Gross Vehicle Weight

This may be one of the most important yet likely the most ignored page of all.

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GVWR or Gross Vehicle Weight Rating and GAVW or Gross Axle Weight Rating are critical information that most people fall into very distant categories.

  • Group 1: People that know them, pay close attention them and respect them.
  • Group 2: People that have no clue. This is likely the most common of many new RVers and people in general. They assume, if it fits in the unit, it must be good. This is far from reality.
  • Group 3: Know about them but assume (dangerously) that they are not important and as ‘great drivers’ they can handle the issues if there are any and besides – they got away with it before, this will be no different. Famous last words.

First a discussion on what these terms mean.

GWVR (Gross Vehicle Weight Rating) is the maximum safe total weight per the manufacturer’s total weight of the unit, the people in the unit (if drivable), all supplies (food, camping gear, clothes, etc.) and all the tanks (clean water, propane, etc.). Everything that goes in the unit AND (this is important) everything that is towed. For example, you are towing a trailer with two off-road motor cycles, a couple gas cans full of gas, spare tires plus miscellaneous supplies-tools-equipment.

GAWR (Gross Axle Weight Rating) is the maximum safe individual axle weight per the manufacturer. In the sample provided, this is a two axle unit so it lists two axles. If there were more axles they would also be provided.

It is possible for all the individual axles to add up to a total greater then the GVWR. It is important to not exceed any of the numbers. Even if the total of individual axles are 1,000 pounds more then the GVWR, the GVWR is still the max you can have.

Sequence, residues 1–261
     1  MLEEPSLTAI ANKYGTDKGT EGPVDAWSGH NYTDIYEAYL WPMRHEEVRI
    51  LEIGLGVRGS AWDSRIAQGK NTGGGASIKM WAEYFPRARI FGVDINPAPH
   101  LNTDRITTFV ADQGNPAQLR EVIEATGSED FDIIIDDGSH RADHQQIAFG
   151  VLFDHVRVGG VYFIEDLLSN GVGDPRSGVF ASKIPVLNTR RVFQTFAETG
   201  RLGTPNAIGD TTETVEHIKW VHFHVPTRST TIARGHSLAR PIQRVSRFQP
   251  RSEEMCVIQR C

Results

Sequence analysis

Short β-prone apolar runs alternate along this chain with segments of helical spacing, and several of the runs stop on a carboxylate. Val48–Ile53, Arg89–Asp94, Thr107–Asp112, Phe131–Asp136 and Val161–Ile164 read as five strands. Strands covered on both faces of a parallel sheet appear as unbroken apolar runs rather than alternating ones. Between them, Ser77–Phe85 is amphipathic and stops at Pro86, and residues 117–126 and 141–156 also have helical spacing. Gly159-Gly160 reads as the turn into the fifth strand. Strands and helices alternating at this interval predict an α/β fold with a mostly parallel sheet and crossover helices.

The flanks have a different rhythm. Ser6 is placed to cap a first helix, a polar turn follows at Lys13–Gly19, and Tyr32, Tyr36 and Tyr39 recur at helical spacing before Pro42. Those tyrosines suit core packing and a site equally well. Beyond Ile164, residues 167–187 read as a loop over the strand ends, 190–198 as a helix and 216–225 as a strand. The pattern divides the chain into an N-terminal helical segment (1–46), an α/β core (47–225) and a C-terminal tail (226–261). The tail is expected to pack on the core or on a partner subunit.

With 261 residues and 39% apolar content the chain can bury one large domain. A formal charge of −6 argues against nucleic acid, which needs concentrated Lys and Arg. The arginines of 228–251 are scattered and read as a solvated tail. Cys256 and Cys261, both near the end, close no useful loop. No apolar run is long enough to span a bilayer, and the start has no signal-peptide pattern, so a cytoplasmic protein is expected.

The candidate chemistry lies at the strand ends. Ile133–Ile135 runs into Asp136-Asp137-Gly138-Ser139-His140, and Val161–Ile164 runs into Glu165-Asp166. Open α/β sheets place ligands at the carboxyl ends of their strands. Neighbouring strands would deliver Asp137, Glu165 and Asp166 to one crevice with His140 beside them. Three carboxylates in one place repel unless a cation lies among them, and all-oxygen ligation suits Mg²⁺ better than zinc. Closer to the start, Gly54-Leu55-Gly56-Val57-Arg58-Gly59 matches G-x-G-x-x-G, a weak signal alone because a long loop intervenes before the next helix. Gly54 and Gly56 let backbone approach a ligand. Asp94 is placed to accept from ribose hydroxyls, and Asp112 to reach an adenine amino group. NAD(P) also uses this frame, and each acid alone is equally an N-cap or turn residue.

Determining GVWR and GAWR

This information is commonly on the manufacture’s Vehicle ID Plate along with such items as VIN, Date of Manufacture, etc.

The GVWR for this unit is 12,300 pounds with the combined 4,880 pounds on the front axle and 7,500 on the rear. Both sets of numbers are critical.

If you scale the unit dry (no water in tanks, no propane, minimal gas or diesel in fuel tanks) it will be much lighter then these numbers. Once you start adding stuff, it goes up a lot faster then you might think. Pots, pans, cooking supplies, groceries, clothes, shoes/boots, people (I push 250 by myself so that is added to the GVWR also). Plus I work on the road with computers. A desktop, two laptops, multiple monitors, scanner/printer, back up drive, etc. – more weight. The only way to truly know is spend the money at a public scale (most truck stops and many commercial grain mills or some moving/storage companies). Keep this receipt for the future.

Why all this is important

Brakes and stopping distance
loads on frames
over heating of motor
over loading of tires

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Hiking Lone Mountain with best friend, Las Vegas, NV